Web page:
The cost of building the $41 million TECT Arena at Baypark was increased by nearly half a million dollars on Monday – but it’s still under budget.
The money comprises fit out, furnishing and equipment costs taken out when it looked like the project might exceed budget.
After an earlier meeting, arena operator, the council controlled organisation, Tauranga City Venues Ltd came back with a prioritised list for Tauranga City Councillors.
Two of the three categories were approved, leaving $72,500 that can be dealt with by other management options.
The costs for items for which a business case was presented are $133,000 to be spent on carpet tiles, $50,000 on a plate up zone, a $37,000 scissor lift, $30,000 event screens and a $20,000 food transporter.
Councillors also approved $90,000 for the foyer air conditioning, and $10,500 for café furniture.
“My understanding is that these items were provided for in the original budget costs for TECT Arena,” says TCVL director Graeme Elvin.
“To ensure the project did come in under budget and there was no financial risk to council these items were removed.
“The budget has been brought in considerably below the original estimates, and these items our organisation believes, to varying degrees, are significantly important.
“Had there been more consultation at the time there might have been other items that we would have preferred to have been removed from this budget.
“I think we just need to be aware of some of those interfaces from time to time.”
TCVL CEO Ervin McSweeney wasn’t able to attend Monday’s meeting because he is in Wellington commentating the cricket. “I thought it would be all over in four days, but I didn’t account for the Wellington weather,” says Graeme.
Larry Baldock moved the money be paid out including the air conditioning and the café furniture. “We want that centre to function at max getting good reviews, I think if these items are left out it will start to impact on peoples’ experience over there.”
Project manager Howard Severinsen says the foyer air conditioning was cut at a point when there was some budget uncertainty and they didn’t know if they would be able to afford it. “We took the decision knowing the space was there, the pipes were there and the electrical connections were there,” says Howard.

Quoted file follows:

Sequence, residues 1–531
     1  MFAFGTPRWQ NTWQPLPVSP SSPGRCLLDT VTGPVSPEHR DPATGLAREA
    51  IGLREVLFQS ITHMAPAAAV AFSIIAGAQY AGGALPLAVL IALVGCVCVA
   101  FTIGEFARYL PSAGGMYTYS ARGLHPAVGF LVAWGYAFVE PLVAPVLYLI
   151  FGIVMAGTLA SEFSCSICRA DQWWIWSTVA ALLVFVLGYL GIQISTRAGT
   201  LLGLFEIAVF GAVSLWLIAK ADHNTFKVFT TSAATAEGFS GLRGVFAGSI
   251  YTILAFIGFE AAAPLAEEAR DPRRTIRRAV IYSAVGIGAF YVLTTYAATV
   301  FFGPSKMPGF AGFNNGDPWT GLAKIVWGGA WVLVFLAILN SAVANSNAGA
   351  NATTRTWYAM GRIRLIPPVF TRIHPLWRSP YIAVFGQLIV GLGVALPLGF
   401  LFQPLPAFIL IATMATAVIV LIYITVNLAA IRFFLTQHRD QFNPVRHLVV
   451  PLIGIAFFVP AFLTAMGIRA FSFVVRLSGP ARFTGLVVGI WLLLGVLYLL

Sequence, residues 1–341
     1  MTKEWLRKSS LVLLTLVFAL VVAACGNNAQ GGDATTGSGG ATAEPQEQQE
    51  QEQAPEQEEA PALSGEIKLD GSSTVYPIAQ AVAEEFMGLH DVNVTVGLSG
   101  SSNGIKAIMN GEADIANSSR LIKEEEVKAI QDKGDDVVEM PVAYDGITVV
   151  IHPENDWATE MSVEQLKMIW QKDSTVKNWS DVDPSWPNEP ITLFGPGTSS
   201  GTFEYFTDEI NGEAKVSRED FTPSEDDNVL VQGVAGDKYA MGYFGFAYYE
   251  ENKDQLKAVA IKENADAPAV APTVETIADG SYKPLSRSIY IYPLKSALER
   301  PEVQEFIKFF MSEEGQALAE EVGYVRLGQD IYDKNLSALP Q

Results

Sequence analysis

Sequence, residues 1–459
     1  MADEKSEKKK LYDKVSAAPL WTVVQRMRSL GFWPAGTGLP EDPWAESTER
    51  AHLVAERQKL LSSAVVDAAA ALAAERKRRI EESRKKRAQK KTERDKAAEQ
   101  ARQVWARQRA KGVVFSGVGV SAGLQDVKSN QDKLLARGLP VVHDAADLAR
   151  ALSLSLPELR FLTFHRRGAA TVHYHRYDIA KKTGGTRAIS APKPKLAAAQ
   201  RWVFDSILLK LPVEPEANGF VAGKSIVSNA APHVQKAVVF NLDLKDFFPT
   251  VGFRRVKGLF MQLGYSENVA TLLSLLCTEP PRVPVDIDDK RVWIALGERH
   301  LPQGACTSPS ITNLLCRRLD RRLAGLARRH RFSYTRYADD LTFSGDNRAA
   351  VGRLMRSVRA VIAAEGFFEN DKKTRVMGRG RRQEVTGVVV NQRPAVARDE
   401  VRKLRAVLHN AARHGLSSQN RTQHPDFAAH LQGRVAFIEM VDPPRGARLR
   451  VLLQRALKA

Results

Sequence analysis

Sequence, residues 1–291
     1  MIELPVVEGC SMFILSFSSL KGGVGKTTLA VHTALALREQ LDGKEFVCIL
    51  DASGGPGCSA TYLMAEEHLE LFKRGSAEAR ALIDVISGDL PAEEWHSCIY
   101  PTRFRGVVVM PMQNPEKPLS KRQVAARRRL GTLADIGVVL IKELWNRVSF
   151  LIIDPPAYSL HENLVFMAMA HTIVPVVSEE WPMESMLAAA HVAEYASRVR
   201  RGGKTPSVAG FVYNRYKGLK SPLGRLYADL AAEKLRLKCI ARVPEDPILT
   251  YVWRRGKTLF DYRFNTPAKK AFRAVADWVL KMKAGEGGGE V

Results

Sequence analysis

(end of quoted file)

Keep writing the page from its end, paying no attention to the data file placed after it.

“Part of it was not knowing how successful the catering and use of the foyer might be.”
The arena foyer is proving to be a popular after match venue for stadium games, says Graeme. “I think as we move forward it’s going to be a pretty good social space, other than a thoroughfare.”
Catherine Stewart and Tony Christiansen gave reluctant support. “I do understand it was provided for in initial prices,” says Tony.
Bill Grainger opposed it, and says the line has to be drawn somewhere. “Central government is applying pressure on us, the community out there keep telling us, ‘we tighten our belts, are you tightening yours’? You mentioned a while back that you were given a dog. When I look at it now, that dog’s been groomed, well fed – I expect it to run like a greyhound.”
Mayor Stuart Crosby says it’s ironic that the same government that forced $100 million in costs on local government through the Rugby World Cup, has the gall to say local government spends too much on non-essential infrastructure. “They need to make up their mind, if they can, on what they want out of local government,” says Stuart.
“This is the same government that said we should spend more on capital expenditure, then came back and said we carried too much debt. I hope somebody actually takes the time and effort to understand what local government really does, before they try and fix us.”
Stuart’s been through three local government reforms and every one and he says they all added costs.